Orion Sang, Detroit Free Press

She was a punishing fullback who saved teamates from blindside hits. Now, she saves people from sin.

Sister Rita Clare Yoches, formerly Anne Yoches, will make her final vows to Jesus Christ on June 30 in Toronto, Ohio.

Just over a decade ago, she was a punishing blocker for the Detroit Demolition, the now-defunct professional women’s football team that won championships in droves. Before that, she was a tough point guard at Detroit Mercy who liked to party.

Yoches’ religious journey can be considered unconventional. How many nuns can say they knocked someone out of a game with a perfectly placed block? Or won four consecutive national titles?

For years, Yoches sacrificed her body for the sake of her team. Then she sacrificed her old life for the sake of God, vowing to live in “chastity, poverty and obedience” for the rest of her life.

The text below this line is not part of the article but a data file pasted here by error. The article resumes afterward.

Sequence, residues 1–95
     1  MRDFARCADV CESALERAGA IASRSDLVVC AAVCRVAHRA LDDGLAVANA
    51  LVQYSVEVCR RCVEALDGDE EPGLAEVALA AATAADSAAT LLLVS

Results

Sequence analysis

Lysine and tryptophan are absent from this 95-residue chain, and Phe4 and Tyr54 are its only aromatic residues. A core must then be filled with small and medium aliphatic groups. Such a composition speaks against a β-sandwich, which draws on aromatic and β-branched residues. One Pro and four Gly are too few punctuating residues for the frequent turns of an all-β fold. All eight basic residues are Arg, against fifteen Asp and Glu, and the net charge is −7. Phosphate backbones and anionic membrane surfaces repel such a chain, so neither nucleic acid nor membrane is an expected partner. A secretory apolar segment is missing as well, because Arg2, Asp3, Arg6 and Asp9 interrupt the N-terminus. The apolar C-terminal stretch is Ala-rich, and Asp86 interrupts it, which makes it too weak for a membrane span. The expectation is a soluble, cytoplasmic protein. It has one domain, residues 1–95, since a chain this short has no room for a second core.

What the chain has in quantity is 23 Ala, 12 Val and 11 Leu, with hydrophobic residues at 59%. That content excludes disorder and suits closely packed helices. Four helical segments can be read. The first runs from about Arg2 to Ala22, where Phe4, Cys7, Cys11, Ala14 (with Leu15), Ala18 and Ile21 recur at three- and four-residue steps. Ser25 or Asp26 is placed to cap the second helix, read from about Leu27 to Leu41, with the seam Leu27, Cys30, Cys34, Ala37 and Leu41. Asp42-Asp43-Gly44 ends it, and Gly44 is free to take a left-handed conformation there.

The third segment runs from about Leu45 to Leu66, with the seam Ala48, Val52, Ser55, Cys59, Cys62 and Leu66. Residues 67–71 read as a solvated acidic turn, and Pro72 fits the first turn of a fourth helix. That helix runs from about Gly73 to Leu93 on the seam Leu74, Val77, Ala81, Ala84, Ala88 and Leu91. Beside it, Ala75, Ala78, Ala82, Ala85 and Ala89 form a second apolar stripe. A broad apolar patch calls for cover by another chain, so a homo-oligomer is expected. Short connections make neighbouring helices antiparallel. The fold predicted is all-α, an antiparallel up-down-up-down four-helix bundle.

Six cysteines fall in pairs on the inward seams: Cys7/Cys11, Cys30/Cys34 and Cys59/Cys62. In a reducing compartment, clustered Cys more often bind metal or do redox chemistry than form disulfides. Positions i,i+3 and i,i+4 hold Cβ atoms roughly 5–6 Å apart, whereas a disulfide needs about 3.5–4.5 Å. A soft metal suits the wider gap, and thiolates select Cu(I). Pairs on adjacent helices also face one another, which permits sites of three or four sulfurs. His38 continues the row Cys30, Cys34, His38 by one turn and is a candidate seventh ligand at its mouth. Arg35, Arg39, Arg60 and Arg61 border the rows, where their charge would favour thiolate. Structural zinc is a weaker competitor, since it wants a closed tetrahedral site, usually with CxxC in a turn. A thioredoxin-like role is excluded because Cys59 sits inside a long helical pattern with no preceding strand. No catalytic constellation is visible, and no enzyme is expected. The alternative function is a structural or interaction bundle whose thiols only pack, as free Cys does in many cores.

“I think (my football career) is foreign to most people,” said Yoches, who changed her name as part of her conversion. “(It’s) just like being a nun is foreign to a lot of people too.”

Yoches, 38, didn’t find her religious calling until later in life, but she always has been an elite athlete.

Growing up in Dearborn, Yoches earned a full basketball scholarship to Detroit Mercy and played there from 1997-2001.

Nikita Lowry Dawkins was her head coach at Detroit Mercy, and she remembers Yoches as a hard-nosed player who never got tired.

“I often wondered if she was human or not,” Dawkins said. “She was great. She was good for our team.”

Yoches stayed in loose contact with Dawkins after her career ended. Which is perhaps why Dawkins was blindsided when she ran into Yoches during a game at Ohio State on Jan. 4. Dawkins, then an assistant at Minnesota, took a look at her old player, clad in a habit and veil, and asked:

“What did I miss?”

The news was shocking. Yet the more Dawkins reflected upon it, the more it made sense.

leave a legacy of faith